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Washington: Iran Smuggled Eyrlou to Sanaa to Expand Malign Influence

Washington: Iran Smuggled Eyrlou to Sanaa to Expand Malign Influence

Thursday, 22 October, 2020 - 05:15
State Department Spokesperson Morgan Ortagus

The United States Department of State accused on Wednesday Iran of intending “to use Houthis to expand its malign influence” in the region, especially after Tehran's appointment of Hassan Eyrlou, a Revolutionary Guard leader, as ambassador to coup-held Sanaa.


State Department Spokesperson Morgan Ortagus said in a Twitter post that Iran smuggled Eyrlou, a Revolutionary Guard military advisor with links to the terrorist Hezbollah group in Lebanon, “under the guise of “ambassador” to the Houthi militias.


"Iran's intent to use the Houthis to expand its malign influence is clear," Ortagus added in her tweet.


“The Yemeni people should say no to Eyrlou and Iran,” she concluded.


Statements made by Ortagus prove that Washington did not facilitate the transfer of Eyrlou to Sanaa onboard the plane transporting 283 injured Houthis being exchanged for two US kidnapped citizens.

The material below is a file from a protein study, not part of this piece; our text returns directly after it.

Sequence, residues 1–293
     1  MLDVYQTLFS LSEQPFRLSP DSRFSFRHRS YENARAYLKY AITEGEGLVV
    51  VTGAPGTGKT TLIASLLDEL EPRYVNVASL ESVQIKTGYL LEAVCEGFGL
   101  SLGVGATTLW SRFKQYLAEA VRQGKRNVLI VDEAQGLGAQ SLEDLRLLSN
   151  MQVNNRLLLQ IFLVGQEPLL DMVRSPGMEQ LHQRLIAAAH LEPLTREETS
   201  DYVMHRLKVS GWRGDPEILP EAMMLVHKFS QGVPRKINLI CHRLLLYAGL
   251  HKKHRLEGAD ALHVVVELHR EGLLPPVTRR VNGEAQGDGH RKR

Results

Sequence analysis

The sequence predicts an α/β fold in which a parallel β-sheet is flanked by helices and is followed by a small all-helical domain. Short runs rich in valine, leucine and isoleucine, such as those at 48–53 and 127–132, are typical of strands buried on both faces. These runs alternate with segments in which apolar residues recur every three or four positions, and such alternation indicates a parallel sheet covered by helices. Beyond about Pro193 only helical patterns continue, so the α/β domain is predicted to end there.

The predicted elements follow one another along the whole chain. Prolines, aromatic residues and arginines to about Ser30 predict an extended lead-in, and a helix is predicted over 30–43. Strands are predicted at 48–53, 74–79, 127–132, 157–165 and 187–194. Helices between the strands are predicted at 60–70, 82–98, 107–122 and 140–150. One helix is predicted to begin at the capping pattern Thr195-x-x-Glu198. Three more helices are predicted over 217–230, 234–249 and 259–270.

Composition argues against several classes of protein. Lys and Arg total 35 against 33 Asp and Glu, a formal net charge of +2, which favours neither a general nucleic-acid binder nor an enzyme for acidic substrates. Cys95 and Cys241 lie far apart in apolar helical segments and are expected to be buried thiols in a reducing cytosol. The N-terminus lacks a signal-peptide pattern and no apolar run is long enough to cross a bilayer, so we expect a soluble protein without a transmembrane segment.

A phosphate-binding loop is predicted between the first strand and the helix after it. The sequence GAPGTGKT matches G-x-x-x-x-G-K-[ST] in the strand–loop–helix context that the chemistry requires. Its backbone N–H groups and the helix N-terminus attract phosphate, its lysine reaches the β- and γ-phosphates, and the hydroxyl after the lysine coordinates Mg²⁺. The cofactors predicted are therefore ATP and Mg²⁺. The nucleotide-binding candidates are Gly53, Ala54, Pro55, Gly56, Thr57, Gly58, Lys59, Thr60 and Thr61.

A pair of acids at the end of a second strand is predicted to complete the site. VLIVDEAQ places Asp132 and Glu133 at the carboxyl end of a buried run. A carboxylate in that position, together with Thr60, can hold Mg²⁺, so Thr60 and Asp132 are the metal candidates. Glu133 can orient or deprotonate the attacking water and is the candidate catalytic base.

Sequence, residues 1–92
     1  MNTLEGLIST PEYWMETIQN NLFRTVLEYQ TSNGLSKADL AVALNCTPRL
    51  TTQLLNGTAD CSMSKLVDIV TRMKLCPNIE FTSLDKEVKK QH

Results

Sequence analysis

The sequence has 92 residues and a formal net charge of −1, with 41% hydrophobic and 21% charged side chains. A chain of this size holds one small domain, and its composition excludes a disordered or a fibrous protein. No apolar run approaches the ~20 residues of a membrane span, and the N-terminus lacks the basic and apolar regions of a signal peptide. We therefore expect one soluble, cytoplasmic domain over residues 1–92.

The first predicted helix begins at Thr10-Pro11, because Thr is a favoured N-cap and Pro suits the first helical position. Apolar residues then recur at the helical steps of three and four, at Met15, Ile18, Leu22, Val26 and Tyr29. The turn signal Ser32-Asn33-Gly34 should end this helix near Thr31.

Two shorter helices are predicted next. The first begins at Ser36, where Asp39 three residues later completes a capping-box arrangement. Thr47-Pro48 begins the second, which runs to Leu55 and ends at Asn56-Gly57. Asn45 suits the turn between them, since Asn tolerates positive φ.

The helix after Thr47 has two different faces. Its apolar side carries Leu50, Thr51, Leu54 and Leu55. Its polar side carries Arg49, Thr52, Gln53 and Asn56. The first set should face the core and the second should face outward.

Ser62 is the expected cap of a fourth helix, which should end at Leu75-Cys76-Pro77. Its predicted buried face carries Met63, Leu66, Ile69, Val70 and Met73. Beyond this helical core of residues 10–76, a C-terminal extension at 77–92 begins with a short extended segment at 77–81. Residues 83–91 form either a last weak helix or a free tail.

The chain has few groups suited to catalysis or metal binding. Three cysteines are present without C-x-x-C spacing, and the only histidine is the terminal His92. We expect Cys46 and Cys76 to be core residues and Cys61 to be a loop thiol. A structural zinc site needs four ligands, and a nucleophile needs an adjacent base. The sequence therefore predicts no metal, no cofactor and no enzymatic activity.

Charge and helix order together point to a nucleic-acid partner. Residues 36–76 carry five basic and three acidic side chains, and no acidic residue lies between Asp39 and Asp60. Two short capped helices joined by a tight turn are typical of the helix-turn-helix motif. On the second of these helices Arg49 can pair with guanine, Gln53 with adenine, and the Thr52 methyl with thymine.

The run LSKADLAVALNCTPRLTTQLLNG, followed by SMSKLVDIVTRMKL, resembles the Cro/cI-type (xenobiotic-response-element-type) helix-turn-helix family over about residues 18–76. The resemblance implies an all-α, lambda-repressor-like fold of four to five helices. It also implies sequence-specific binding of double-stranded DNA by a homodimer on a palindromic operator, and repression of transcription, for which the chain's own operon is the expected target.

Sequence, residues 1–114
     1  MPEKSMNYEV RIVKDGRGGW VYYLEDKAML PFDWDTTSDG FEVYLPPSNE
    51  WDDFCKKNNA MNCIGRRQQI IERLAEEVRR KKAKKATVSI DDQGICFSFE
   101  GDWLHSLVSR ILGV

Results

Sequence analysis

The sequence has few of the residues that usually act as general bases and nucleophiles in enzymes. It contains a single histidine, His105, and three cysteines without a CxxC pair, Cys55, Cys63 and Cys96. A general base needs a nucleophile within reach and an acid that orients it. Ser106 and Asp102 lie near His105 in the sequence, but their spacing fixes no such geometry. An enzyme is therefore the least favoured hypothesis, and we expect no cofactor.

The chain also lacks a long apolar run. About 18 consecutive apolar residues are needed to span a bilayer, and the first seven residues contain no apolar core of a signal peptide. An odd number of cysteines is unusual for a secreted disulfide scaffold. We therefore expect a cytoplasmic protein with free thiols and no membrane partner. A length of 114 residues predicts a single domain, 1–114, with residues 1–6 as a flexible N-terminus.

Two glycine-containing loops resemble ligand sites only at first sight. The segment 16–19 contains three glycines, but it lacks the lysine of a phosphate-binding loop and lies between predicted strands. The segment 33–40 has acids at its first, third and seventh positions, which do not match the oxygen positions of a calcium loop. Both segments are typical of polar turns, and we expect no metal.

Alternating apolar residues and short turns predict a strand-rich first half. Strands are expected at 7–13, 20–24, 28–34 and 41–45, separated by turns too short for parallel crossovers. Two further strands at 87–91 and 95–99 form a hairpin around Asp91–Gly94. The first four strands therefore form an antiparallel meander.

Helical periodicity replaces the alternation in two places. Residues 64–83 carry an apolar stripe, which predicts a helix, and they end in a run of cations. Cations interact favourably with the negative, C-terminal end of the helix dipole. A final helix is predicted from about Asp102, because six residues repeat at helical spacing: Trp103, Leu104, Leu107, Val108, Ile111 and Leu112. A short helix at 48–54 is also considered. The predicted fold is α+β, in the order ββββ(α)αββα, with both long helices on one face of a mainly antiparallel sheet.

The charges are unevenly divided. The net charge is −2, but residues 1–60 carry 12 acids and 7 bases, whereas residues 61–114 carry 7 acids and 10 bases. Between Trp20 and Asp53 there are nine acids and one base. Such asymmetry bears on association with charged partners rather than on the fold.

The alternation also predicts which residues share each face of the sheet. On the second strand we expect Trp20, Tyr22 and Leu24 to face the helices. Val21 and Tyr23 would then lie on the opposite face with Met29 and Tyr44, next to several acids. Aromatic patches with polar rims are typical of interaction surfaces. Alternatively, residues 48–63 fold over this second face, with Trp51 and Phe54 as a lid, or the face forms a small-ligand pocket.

Some Yemeni activists accused the US of including Eyrlou’s arrival to Sanaa in the exchange deal struck with the Houthis.


The US warning about Iran's growing subversive role in Yemen coincided with the State Department announcing a $5 million reward for anyone who provides information on the commander of the Lebanese Hezbollah’s special forces in Syria and Yemen, Haytham Tabtabai.


On Eyrlou’s appointment, the Yemeni government has submitted an official complaint to the UN Security Council, accusing Houthis of violating international diplomatic norms.


Saying that actions by the Iranian regime represent a dangerous precedent, the government warned that Tehran’s behavior threatens to violate the rights of UN member states.


According to the Yemeni government, Iran, by appointing an ambassador to Sanaa, had breached its international obligations and UN Security Council Resolution 2216.


The government called on the international community and the Security Council to condemn “the illegal Iranian practices and violations” and Tehran’s “blatant and continuous interference in Yemen’s internal affairs.”


UN Special Envoy for Yemen Martin Griffiths immediately refuted the possibility that Eyrlou could have travelled on a UN aircraft.


The appointment of an ambassador to Sanaa marks the beginning of a new phase in Tehran’s relations with Houthis, especially given Eyrlou’s Revolutionary Guard background and his “plenipotentiary” authorities.


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